Top Docs

By staff June 1, 2005

Forget beachfront property or downtown real estate; the most valuable commodities in the world are time and health, and they can depend on each other. It takes time to find the right physician, and the problem is exacerbated in Sarasota, where seasonal visitors and newcomers may not have established a relationship with a doctor when illness strikes.

"You don't want to be in a situation where your only option is to go to the emergency room," warns Lyn Cassan, manager of marketing communications for Sarasota Memorial Hospital. Health problems that arise unexpectedly can require immediate attention; but few physicians, if any, can see new patients without several months' notice. And even those who already have a primary care physician but suddenly find they need a specialist can feel baffled about how to find the right one.

"People's choices have become more narrow," says William Liss-Levinson, vice president for business development at Castle Connolly Medical, a New York-based healthcare research company that annually publishes America's Top Doctors. "Employers typically now offer only one healthcare option, yet consumers have become accustomed to exercising a greater role in choosing their healthcare. There is an abundance of available information, especially online-but with varying degrees of credibility and understandability."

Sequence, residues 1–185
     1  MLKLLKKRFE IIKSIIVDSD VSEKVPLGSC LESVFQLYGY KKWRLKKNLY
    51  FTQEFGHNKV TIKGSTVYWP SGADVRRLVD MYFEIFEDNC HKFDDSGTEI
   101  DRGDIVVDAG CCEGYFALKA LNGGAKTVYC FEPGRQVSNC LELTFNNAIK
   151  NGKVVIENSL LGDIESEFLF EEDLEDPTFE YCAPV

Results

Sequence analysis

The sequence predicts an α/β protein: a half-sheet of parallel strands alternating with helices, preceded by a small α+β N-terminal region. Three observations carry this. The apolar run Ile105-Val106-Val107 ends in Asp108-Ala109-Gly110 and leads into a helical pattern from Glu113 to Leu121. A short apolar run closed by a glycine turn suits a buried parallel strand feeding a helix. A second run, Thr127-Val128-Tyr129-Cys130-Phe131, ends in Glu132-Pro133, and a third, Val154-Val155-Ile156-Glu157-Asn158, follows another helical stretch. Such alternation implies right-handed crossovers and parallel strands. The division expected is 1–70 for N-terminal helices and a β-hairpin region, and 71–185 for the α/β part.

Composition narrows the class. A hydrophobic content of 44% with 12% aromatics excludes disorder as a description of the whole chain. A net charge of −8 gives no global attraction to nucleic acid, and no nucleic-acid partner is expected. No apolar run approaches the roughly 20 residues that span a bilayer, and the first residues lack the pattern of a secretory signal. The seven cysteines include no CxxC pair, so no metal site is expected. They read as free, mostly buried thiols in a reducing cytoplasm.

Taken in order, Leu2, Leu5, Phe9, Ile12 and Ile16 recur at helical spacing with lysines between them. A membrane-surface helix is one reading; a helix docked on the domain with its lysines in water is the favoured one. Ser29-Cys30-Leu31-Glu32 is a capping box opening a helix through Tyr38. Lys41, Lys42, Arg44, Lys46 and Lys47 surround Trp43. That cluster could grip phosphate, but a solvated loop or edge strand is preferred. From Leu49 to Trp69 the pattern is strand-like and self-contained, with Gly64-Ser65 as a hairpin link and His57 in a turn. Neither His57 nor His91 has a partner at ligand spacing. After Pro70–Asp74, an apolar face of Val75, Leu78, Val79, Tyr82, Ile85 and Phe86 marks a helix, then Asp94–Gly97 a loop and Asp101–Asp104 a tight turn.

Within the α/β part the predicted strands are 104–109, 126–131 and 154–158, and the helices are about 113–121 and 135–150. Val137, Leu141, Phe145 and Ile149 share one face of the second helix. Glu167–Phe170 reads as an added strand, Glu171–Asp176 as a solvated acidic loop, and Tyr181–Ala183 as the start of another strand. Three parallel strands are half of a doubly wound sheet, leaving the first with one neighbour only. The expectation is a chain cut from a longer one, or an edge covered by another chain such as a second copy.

To help you navigate through this medical maze, Castle Connolly has compiled our exclusive list of the best doctors in Sarasota and Manatee. They begin by asking a random sampling of local board-certified doctors, nurses and hospital administrators to nominate outstanding physicians in various specialties, those "to whom you would send your own family." A physician-led research team then reviews and verifies the doctors' credentials.

To be eligible for the list, doctors must be board-certified and have a minimum of 10 years experience (some specialties may require 12 or more years). Castle Connolly looks at their education, residency, fellowships, the number of nominations, faculty appointments and even disciplinary history. (You can check a doctor's disciplinary record at the Florida Department of Health's Web site, To check a doctor's disciplinary record in any state, check the "Vital Healthcare Info" section at Castle Connolly's Web site, Doctors were also evaluated on their office practices, such as the length of time it takes to get an appointment, languages spoken by staff and the health plans they accept.